(ii) There is no net charge inside the conductors. The charges must reside only on the surface of the conductors. We can prove this property using Gauss law. Consider an arbitrarily shaped conductor as shown in Figure 1.43.

A Gaussian surface is drawn inside the conductor such that it is very close to the surface of the conductor. Since the electric field is zero everywhere inside the conductor, the net electric flux is also zero over this Gaussian surface. From Gauss’s law, this implies that there is no net charge inside the conductor. Even if some charge is introduced inside the conductor, it immediately reaches the surface of the conductor. (iii) The electric field outside the conductor is perpendicular to the surface of the conductor and has a magnitude of $$\frac{\sigma}{\epsilon_{0}}$$ where σ is the surface charge density at that point. If the electric field has components parallel to the surface of the conductor, then free electrons on the surface of the conductor would experience acceleration (Figure 1.44(a)).  This means that the conductor is not in equilibrium. Therefore at electrostatic equilibrium, the electric field must be perpendicular to the surface of the conductor. This is shown in Figure 1.44 (b). We now prove that the electric field has magnitude $$\frac{\sigma}{\epsilon_{0}}$$ just outside the conductor’s surface. Consider a small cylindrical Gaussian surface, as shown in the Figure 1.45. One half of this cylinder is embedded inside the conductor. Since electric field is normal to the surface of the conductor, the curved part of the cylinder has zero electric flux. Also inside the conductor, the electric field is zero. Hence the bottom flat part of the Gaussian surface has no electric flux.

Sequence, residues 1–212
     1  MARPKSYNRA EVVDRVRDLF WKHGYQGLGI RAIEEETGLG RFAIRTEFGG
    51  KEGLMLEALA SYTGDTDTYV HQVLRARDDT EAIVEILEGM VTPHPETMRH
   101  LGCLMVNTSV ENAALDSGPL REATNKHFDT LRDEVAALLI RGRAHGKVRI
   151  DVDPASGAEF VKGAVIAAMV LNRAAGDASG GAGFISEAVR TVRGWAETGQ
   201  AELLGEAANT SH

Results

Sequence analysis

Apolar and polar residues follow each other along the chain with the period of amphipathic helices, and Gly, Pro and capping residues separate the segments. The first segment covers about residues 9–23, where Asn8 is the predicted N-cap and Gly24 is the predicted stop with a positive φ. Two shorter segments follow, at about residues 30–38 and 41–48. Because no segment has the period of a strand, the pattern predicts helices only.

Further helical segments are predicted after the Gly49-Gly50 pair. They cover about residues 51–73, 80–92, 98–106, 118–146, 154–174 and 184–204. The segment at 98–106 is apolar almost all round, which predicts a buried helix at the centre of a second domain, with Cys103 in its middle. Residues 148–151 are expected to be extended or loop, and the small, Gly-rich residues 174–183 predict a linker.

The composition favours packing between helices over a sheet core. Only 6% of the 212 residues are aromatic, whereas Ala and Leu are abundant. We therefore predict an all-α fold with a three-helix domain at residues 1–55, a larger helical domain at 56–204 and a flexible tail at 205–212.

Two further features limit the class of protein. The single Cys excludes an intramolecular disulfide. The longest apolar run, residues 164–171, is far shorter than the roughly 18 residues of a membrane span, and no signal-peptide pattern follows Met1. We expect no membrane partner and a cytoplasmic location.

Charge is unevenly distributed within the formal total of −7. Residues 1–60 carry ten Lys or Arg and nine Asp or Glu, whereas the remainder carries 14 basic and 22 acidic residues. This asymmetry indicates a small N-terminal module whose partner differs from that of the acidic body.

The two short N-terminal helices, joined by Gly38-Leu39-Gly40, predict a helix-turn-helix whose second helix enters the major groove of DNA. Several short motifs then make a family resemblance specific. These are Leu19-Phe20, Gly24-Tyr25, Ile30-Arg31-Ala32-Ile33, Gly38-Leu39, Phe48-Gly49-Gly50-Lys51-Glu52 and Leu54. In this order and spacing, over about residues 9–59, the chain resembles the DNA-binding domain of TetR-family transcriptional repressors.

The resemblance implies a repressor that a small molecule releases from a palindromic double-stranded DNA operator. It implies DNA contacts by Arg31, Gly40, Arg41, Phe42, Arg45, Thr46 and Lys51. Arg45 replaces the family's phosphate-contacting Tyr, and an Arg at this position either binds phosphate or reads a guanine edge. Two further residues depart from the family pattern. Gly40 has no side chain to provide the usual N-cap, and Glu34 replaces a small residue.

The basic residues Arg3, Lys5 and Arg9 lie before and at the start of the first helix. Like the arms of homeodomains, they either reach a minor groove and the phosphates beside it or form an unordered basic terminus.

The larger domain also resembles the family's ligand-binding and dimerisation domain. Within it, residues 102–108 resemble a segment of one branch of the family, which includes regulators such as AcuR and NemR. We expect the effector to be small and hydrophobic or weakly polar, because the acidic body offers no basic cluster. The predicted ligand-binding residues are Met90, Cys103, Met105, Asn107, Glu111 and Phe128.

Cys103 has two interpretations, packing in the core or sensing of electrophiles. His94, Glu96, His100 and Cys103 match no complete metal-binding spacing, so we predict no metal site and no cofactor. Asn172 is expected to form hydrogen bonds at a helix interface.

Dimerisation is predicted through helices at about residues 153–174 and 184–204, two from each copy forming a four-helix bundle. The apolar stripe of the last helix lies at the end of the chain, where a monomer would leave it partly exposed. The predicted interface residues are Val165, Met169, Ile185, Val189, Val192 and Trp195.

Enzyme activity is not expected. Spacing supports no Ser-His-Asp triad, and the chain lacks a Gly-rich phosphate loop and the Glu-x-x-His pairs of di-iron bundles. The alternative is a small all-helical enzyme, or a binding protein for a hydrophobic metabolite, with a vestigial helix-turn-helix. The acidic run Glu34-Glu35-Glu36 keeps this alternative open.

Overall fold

Therefore the top flat surface alone contributes to the electric flux. The electric field is parallel to the area vector and the total charge inside the surface is σA. By applying Gaus’s law